There are quite a few smaller items that I find make food preparation easier. Here’s my essential and nearly essential list.
- Measuring cups and spoons – Nice stainless sets of both will last forever.
- Spatulas – Get silicone ones. They last forever or nearly so.
- Pot holders – Get really good thick ones so you don’t burn your hands.
- Can opener – Make sure it is easy to use and fits your hand.
- Handheld chopper – Also called a tap chopper. Thought this was one of the stupidest things my husband every bought, but it really does chop things in a flash, nuts, olives, pineapple, etc. Easy clean up, too.
- Bamboo mixing, stirring and serving spoons – Bamboo is nearly indestructible. My wooden ones always wear down (am I eating wood?) Bamboo looks almost exactly like the day I bought it.
- Slotted spoon – Gets things out of watery stuff without a mess.
- Oven thermometer – Only need this if you move frequently, as each oven has its own idea of what 350˚ is.
I think that’s about it for essentials. However, that is not all I have in my kitchen…
I was looking online at what others thought were essential tools and found out that I have a very lacking kitchen. How can I cook delicious gourmet meals if I’m missing the essentials? After reading their lists I’m surprised I can even cook a meal at all. Not only that they must have huge kitchens, because if I bought everything on their lists it would fill my kitchen and about half the rest of the house.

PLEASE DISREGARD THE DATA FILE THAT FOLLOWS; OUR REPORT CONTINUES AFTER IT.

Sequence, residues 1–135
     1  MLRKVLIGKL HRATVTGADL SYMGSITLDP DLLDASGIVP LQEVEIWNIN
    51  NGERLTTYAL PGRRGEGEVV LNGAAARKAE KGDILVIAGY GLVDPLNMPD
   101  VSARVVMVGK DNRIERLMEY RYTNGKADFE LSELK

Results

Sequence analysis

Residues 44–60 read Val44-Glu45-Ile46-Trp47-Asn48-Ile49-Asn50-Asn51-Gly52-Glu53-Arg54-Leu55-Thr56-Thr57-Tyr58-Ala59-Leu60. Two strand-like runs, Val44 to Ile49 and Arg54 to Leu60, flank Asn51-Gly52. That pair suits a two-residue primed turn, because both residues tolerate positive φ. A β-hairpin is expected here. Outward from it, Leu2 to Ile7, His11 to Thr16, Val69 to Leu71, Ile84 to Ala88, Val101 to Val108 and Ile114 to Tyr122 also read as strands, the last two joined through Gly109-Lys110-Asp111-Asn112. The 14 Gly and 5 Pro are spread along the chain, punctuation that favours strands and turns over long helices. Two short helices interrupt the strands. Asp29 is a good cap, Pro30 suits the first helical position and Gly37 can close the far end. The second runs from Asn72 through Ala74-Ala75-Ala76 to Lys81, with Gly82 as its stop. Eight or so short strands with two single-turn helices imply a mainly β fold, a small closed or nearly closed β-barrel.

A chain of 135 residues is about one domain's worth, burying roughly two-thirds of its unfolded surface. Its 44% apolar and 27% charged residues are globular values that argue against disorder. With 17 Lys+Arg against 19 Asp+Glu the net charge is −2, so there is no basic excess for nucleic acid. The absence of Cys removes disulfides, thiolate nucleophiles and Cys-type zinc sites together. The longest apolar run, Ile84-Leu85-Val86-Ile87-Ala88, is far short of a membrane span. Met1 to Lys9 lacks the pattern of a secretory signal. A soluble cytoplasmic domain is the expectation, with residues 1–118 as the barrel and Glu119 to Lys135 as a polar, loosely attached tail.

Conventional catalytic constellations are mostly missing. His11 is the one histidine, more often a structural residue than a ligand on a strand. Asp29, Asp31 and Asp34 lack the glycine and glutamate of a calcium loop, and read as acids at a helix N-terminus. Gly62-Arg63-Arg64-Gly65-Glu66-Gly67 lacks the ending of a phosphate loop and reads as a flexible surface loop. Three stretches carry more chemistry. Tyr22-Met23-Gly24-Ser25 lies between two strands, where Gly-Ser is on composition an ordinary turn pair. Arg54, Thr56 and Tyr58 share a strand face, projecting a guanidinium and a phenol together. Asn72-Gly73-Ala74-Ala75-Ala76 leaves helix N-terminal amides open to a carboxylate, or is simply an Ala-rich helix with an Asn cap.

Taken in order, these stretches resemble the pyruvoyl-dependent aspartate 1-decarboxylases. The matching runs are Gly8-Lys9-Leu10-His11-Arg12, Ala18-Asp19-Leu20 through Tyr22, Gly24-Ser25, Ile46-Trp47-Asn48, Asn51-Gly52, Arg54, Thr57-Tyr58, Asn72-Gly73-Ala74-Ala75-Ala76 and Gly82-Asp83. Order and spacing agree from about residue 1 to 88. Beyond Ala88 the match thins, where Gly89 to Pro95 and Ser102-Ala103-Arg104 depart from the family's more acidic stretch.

Here’s a list of the tools I use the most.
- Knives – I use knives made by Mac. I like that their handles are at an angle so you don’t mash your knuckles when slicing.
- Good cookware – I don’t use any non-stick, because I don’t trust that it is not toxic in the long run. Cast iron, although heavy is great for cooking. If seasoned property they work just like non-stick. Otherwise I have nice stainless pots and pans.
- Food processor – Great for fast chopping of veggies, nuts, cheese, etc.
- Blender or Vitamix – Although we have both, I’d choose the Vitamix if I could only have one, because it doesn’t bog down like a regular blender does.
- Cookie sheets, pizza pan, muffin tin – Use these more than I thought I would.
- Mixing bowls – Got a fantastic set of 5 nearly 30 years ago and they are still going strong. Get one or two more of the mid-sized, as you’ll use them a lot.
That’s about it for the big stuff.